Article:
Risk. It’s a topic we return to often on this blog because it surrounds us. Marriage is a risk. So is the stock market and childbirth. Real estate is risky, just like driving on the 401 or the Coquihalla. Borrowing is a risk, like teenagers. Or taking advice from helo parents. The biggest risk for most people is probably running out of money.
These days I’d say debt is one of the evils to avoid. Let me give you some examples.
Below is the amount of debt US investors are shouldering as they take part in the ongoing stock market party. It’s called ‘margin’ and it has a nasty way of piling up to new heights just before the music stops. Notice the peaks in the chart below – record borrowing just before the dot-com bubble burst, then again before the mess in 2008, and today.
This does not mean the Dow is going to shed half its value (a 15% correction sometime soon is more likely, before the next move up), but it does mean any meaningful dip in prices will mean lotsa margin calls – as the value of borrowed securities falls below the debt outstanding. Nasty.
Now, below, is the amount of debt your neighbours, brother-in-law and the girls at work have. (I’ve run this chart once before, but it bears staring at again.) On Friday we learned that accumulated mortgage debt in Canada has soared past $1 trillion, and that while the pace of borrowing has slowed down a little, every day, week and month, Canadians owe more. It’s at about 164% of disposable income, which is just shy of the record we set three months ago.
Also on this chart you will see CREA’s Frankenumber, giving a representation of the increase in house prices over the past nine years. That’s the reason the debt numbers have exploded. Like ever-more-costly stocks, people borrow more to buy what is increasing in value. But unlike stocks, real estate loans are far bigger, represent vastly more leverage and are against assets which can’t be sold in two seconds.
Finally, I can write all day about how delusional the indebted people of Vancouver are, how detached homes in 416 have increased 15% in a year yet ‘experts’ claim there’s no bubble, or how the housing market in Halifax just imploded in a warning for all, but you’re sick of me. I can feel it.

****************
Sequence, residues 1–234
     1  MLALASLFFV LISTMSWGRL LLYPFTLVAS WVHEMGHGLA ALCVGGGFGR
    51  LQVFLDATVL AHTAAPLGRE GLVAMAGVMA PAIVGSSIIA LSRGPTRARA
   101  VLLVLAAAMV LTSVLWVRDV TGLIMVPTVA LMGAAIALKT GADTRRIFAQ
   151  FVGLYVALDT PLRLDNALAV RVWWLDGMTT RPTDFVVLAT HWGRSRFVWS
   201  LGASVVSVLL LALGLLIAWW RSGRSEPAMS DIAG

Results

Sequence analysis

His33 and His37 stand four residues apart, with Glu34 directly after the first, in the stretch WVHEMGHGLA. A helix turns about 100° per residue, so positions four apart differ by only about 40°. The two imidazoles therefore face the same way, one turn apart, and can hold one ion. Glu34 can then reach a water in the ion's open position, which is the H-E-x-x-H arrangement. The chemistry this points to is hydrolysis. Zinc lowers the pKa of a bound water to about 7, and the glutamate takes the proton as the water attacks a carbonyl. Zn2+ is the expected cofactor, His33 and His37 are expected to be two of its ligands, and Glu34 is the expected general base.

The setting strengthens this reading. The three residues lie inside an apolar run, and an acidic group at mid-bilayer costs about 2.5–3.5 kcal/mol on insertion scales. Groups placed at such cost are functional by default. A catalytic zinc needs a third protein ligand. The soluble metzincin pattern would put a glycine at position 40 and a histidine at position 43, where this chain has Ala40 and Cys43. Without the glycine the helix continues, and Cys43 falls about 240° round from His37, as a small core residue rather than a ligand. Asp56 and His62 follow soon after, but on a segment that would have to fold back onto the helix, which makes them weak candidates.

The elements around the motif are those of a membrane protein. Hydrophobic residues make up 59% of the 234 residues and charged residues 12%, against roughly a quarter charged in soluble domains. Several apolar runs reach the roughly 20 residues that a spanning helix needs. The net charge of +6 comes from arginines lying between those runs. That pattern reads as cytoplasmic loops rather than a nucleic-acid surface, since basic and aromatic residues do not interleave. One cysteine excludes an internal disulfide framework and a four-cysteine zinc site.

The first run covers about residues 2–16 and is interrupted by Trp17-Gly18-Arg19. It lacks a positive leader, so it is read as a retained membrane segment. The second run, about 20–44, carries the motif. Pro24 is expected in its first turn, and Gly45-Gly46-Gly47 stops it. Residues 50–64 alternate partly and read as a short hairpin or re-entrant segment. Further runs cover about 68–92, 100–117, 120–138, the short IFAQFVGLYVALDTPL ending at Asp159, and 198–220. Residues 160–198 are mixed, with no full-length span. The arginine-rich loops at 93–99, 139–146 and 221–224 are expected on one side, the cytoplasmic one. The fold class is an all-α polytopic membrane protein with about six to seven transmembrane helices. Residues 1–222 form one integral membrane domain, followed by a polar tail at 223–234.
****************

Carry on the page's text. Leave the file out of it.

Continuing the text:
So here is a graphic little story of Sayed and Anna he told me in an email that arrived as I was having the Amazons work on my foot. “I’m trying hard not to be house horny, but I’m failing miserably,” he says. And Sayed wonders if a humble young couple making $370,000 a year will ever be able to afford a home.
“I’m 30, wife to be is 32. I work in medicine making approx 250k a year, she works in sales making approx 120k a year – depending on commission. We have no debt. We have saved about 350k, none in RRSPs. We live downtown, but I commute out to suburbia daily to work. She goes to meetings all over and travels a lot. We don’t really want to move to the suburbs but we want a place big enough for a family (her clock is ticking), which seems almost impossible (unless you put everything into a house) with our income in the city. This seems ridiculous with our income, because if we don’t feel comfortable buying a 3 bedroom place or a detached house in the downtown area – who the hell can? The market is not making sense in my opinion.
“Now we are thinking of A – buying a condo downtown for around 1 million. B – buying a detached house (again ~1 million). Now here is where it gets interesting – if we buy a property our parents will gift us 300k but if we buy nothing, we get no gift. So we are essentially doubling our net worth but putting ourselves at risk for a real estate crash – and eliminating our diversification. We’re of course getting tons of pressure from our boomer parents to buy a house.
“So what do you think we should do? Suck up the risk and buy? If you think we should rent – how much monthly should we be spending on rent, and will that get us a family sized place downtown?”
Self-indulged snowflakes with no idea how perfect their lives are? Or a serious warning to people who make a third as much and have mortgaged themselves to their corneas? Do the people around you who have bought houses with less attention than they put into a new pair of yoga pants have any idea of how much risk they’re taking? And how is any of this much different than financial investors pigging out on debt so they can chase stocks higher?
Advice for Sayed and his ticking squeeze? I already dictated my response and sent it off. What’s yours?